Dedication

Last week there was a tweet that came through in my stream that disturbed me and I felt it was important to say something back to this person.  It doesn’t matter who it was or why it was tweeted, what I want to focus on is the tweet itself and what it meant to me.   It evoked emotion and sadness.  I did not find it funny and it was hardly sarcastic.  The person apologized.  This post is not about them, it’s about my strong reaction to the tweet.

The tweet mentioned disgruntled shuttle workers.

I found it insulting to the thousands of people who have dedicated their lives to the shuttle program and human spaceflight.  All of us, regardless of whether we support shuttle or station work day and night, even holidays, to ensure the safety of the astronauts, the ground crew, and the public.  I can’t tell you how many holidays I have worked or even volunteered to work because I believed what we do at NASA is so important to the future of our planet.  I’m not the only one that feels this way, and I’m sure many if not all of us would sacrifice our lives before that of others.  All of us who support shuttle and space station are a part of what makes it successful, we each play an integral role which allows it all to come together in successful and safe missions.

To make matters worse, on Friday not long after I saw the tweet, a mis-communication occurred that caused an unplanned drill at NASA Glenn Research Center in Cleveland, OH based on information that a gunman was on-site and had shot at least one person.  There was no gunman.  No one had been shot.  But, that did occur at JSC a few years back and it triggered flashbacks to that occasion.  In reality, people do get desperate and rationalize horrible solutions that are nightmares to the rest of us.

Now, as for the reality of the situation we find ourselves in regarding the end of the shuttle program, the statement “disgruntled shuttle workers” could be taken very seriously.  In 2004, the administration and NASA decided to end the Shuttle program after completion of the ISS.  Their plan was to have a new program (with a minimized gap of launch capability) in place in order to maintain the U.S. lead in human spaceflight and to transition a number of shuttle workers, many whom have specialized skills due to the existence of the space shuttle program.   Today we find ourselves with just two planned shuttle flights left (STS-133 Discovery and STS-134 Endeavour) and a possible third (STS-135 Atlantis) with no follow on program to start any time soon.  Even if the Constellation Program was not canceled, we were still years away from flying.  In my opinion the government has let down thousands of workers who have learned specialized skills to support a 30 year program.  The government failed to fund the program of record, the government canceled the program of record, the government is having trouble deciding which direction this nation should pursue in terms of human spaceflight and long term exploration goals.  Is it the government’s responsibility to take care of these workers, not necessarily, but I do think it’s the government’s responsibility to put us on a sustainable path forward for space exploration, one with meaning and one which will make a difference.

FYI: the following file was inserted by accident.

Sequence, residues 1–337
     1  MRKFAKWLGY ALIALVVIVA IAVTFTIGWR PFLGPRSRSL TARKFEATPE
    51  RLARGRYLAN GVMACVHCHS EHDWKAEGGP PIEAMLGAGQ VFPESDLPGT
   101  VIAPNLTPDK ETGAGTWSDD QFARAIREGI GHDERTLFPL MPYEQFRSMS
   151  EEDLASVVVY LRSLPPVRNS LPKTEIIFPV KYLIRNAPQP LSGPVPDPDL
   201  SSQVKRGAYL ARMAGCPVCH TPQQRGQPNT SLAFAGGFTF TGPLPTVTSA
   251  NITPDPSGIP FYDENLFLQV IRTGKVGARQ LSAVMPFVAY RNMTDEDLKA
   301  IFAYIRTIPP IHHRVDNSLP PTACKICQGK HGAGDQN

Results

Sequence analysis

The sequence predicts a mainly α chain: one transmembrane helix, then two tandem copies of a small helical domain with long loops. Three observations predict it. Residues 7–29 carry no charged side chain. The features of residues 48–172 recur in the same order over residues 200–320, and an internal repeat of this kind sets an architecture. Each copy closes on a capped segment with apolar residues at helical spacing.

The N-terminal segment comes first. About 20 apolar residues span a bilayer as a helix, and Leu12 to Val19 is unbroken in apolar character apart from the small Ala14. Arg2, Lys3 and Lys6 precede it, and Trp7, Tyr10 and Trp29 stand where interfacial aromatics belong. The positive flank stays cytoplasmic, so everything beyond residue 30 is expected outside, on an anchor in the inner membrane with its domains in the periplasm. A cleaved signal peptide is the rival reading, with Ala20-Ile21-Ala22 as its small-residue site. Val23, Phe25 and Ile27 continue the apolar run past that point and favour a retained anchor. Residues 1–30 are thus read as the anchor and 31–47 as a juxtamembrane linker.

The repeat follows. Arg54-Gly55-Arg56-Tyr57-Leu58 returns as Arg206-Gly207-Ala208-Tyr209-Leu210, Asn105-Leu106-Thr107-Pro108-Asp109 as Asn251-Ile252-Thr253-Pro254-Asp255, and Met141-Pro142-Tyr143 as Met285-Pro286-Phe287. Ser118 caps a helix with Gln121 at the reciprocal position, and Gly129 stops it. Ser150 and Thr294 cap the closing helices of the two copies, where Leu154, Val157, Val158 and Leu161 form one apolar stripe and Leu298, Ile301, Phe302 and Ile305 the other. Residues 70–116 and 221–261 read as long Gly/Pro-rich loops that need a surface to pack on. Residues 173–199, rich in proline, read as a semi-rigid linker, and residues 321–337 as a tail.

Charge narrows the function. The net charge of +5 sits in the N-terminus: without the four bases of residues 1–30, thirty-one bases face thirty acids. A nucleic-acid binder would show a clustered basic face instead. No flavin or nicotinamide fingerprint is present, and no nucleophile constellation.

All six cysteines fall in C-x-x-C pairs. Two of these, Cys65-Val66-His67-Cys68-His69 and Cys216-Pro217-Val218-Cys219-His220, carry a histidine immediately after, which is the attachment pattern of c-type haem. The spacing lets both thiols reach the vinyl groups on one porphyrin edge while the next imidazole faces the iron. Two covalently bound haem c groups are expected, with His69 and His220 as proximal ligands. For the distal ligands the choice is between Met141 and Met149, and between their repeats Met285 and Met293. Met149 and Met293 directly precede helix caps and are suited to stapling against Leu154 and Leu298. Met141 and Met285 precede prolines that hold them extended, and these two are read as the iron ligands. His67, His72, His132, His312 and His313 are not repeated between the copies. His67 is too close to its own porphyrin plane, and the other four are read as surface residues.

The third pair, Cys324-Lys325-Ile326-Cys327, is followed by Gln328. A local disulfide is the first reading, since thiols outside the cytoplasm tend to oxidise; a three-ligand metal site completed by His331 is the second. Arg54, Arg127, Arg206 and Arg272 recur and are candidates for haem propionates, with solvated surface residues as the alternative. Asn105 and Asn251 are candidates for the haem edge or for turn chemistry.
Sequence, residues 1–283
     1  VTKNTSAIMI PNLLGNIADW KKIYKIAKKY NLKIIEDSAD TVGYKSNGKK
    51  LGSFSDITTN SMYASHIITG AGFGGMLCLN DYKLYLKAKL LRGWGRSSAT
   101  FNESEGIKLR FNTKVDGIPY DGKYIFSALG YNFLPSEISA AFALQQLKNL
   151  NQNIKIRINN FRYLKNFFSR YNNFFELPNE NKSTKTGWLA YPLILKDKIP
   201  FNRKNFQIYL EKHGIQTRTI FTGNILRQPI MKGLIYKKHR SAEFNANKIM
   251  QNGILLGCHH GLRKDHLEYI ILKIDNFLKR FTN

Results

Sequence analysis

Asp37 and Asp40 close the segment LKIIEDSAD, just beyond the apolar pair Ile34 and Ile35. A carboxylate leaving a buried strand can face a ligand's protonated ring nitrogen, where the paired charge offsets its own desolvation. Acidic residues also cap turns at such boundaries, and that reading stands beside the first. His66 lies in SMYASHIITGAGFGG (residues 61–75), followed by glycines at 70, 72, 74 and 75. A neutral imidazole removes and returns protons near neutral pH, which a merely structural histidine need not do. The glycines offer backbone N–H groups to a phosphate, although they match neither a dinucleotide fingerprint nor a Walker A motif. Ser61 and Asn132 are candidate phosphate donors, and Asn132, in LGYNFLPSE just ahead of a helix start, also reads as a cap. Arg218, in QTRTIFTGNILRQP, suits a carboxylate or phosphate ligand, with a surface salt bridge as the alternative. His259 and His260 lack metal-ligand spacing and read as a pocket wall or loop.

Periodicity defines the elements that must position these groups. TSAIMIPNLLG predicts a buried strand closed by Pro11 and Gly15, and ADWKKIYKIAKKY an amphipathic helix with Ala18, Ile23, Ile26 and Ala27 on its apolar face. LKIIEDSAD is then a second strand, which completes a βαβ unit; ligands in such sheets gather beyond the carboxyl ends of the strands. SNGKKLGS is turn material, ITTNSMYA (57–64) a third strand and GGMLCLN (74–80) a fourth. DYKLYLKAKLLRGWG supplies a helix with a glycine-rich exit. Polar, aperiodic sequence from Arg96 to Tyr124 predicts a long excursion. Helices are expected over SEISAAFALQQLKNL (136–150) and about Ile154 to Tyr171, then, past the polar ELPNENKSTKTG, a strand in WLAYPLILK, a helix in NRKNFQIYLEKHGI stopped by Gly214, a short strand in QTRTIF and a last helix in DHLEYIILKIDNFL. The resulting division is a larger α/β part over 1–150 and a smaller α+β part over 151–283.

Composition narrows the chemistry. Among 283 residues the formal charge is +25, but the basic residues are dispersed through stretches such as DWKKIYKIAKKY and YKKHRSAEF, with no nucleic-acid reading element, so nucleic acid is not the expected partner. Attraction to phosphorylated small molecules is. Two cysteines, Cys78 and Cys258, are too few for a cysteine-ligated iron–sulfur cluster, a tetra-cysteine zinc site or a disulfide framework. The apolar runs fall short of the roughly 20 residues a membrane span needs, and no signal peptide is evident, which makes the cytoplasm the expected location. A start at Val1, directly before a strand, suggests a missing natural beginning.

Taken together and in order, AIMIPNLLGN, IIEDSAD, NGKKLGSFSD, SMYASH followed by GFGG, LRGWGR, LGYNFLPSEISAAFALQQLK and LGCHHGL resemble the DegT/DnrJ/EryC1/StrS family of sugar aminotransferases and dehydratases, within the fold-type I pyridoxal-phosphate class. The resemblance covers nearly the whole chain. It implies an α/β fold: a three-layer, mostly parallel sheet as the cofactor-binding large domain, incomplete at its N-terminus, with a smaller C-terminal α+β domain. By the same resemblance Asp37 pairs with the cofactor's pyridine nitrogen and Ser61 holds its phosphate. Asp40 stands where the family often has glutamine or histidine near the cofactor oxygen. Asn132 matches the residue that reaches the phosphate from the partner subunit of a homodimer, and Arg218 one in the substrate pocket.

Back to the thousands of workers in the process of being laid off.  Regardless of the situation we find ourselves in, I do not know a single person who would jeopardize the safety of the crew, ground crews, or the public.  Yes, we will have a hard time mentally, emotionally, and financially transitioning from the shuttle program.  But, we will not hurt the program in any way whatsoever regardless of the circumstances we find ourselves in.  I ask those of you who do work in the program to look out for each other and utilize your company’s EAP (Employee Assistance Program) because it will be a tough transition.

 

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2 responses to “Dedication

  1. There are disgruntled employees everywhere. I know people that flare up over past employers years after leaving or being laid off. Heck, just look at company review sites like GlassDoor and type a company name.
    I was one a few jobs ago. It takes a person with really low morals to sabotage something. I personally haven’t seen it anywhere, even though nothing I worked on was remotely risky to anyone’s life.

  2. NASA workers are at a distinct advantage over workers in hundreds of other industries who have also been laid off in the current economy: they knew the shuttle program was going to end and they therefore had time to find other employment. The Detroit auto worker or Las Vegas construction worker who lost their jobs with virtually no notice are the one’s who should be pitied. I find it hard to find extra sympathy for NASA workers who bemoan the lack of Federal dollars for space exploration when there is not enough money for adequate health care, infrastructure or schools.